To survive in an adult world, we became adults, but we are now expected to continue in that world and we are digressing, stepping slowly backwards into childhood, but we remember what it means and feels to be grown up, even though we are slowly growing down. It isn’t just the physical us that is changing, for many it is their minds, for some it is both. We forget, we forget all the time. The things we once found easy, are becoming harder and harder and there is nothing we can do, but learn to cover it up, to use tricks to keep us functioning and gadgets to replace what we once did with ease. But still, we are expected to survive in an adult world. To be grown up and even more so, to react like one, even thought our chances of feeling useless just grow and grow.

I know without the slightest doubt, that I do things almost daily, that I remember scolding my children for, things I told them to not be so “stupid”, or so “silly” about, yet here I am doing just the same things. Chronic illness is designed to make you feel both of those things and million similar other emotions, and there is no avoiding them. One of the most important things I have taught myself is to not worry about it. So what if my muscles are “useless”, if my brain makes me feel “stupid”, or if I do “silly” things. I can’t stop myself feel that way, but I can stop myself fretting about it. I wish that I had learned that years ago. That I had not spent hour after hour fretting over what went wrong that day, and just had a good nights sleep instead. We are going to get things wrong. Our bodies are going to let us down and our minds will fail, they are facts. Fretting is a choice, and trust me, if you’re still at the start of this process, your health will be so much better if you don’t worry about what is done and gone. In time, you to will feel useless more often that you can count, but it doesn’t mean anything, other than your health is letting you down, not you, your not  letting anyone down.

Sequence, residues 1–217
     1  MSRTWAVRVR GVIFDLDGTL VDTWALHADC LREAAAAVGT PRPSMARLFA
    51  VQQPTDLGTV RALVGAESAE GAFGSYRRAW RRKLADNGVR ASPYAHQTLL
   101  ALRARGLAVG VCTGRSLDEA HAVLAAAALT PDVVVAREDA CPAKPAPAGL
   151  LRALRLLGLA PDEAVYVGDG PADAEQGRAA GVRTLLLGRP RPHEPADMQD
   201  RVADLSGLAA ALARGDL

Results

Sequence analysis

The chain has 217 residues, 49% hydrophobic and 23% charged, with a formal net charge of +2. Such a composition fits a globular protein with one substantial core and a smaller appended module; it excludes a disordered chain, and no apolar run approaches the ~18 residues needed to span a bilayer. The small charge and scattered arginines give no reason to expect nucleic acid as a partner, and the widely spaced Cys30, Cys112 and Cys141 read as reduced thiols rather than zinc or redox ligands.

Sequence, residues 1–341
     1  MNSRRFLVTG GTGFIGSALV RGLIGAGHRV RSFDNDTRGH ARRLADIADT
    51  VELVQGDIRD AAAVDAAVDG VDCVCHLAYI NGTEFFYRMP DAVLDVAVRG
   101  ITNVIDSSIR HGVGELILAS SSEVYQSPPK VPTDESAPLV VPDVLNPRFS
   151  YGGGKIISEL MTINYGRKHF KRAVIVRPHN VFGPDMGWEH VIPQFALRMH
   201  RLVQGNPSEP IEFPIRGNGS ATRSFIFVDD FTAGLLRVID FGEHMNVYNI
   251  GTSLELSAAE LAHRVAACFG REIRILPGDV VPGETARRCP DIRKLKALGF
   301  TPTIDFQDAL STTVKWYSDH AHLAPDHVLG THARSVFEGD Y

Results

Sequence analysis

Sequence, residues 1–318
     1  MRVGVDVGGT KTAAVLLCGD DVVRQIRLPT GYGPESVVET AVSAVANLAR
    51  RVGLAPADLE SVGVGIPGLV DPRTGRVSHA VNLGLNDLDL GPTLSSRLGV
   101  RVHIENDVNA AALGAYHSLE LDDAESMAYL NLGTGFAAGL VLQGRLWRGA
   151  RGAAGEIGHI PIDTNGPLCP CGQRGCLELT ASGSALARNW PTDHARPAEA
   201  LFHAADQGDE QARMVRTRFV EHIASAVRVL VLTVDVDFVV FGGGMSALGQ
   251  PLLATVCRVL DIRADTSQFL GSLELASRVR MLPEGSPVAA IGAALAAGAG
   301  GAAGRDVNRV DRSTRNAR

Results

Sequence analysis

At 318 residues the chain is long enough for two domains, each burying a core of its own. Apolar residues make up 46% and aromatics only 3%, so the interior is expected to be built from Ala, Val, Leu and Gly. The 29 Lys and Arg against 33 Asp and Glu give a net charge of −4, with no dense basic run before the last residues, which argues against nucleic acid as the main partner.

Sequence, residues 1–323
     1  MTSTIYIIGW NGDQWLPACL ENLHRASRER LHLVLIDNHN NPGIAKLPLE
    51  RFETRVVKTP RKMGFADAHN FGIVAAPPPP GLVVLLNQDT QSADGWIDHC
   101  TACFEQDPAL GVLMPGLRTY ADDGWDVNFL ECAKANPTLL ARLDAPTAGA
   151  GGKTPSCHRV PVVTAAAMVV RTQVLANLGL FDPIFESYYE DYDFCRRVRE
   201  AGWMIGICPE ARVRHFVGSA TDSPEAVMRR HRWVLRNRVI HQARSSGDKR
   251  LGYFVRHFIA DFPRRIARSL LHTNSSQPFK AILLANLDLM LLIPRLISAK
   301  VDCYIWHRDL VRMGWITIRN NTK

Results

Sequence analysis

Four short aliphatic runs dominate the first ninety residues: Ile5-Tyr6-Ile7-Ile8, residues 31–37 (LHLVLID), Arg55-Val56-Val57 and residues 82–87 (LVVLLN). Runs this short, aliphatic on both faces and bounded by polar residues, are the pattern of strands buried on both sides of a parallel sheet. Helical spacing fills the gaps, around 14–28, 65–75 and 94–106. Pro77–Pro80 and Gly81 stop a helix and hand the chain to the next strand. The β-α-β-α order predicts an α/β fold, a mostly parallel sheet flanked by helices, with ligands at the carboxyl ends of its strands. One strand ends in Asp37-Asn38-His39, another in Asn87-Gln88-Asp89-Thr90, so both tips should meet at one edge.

Please read my blog from 2 years ago today – 10/04/2014 – What the Dr didn’t say

I think they call it sods law, I bought the new router the other week and I did have an issue in fitting it, so I reluctantly went back to the old one, the one that I had chucked over the settee in front of me and had bounced it way onto the floor. Luckily it’s flying lesson hadn’t done it any harm what so ever, in fact, it seems it did it some good as it hasn’t lost connection or dipped in speed even once since. So I now have a new router and a new modem, as I needed to replace that as well, all just sitting here with nothing to do, part of me is saying well just change them, you have the new stuff and it’s ready to go, but part of me is also saying why change it now, it’s working and I have a full backup for when the problems start again, which I am sure……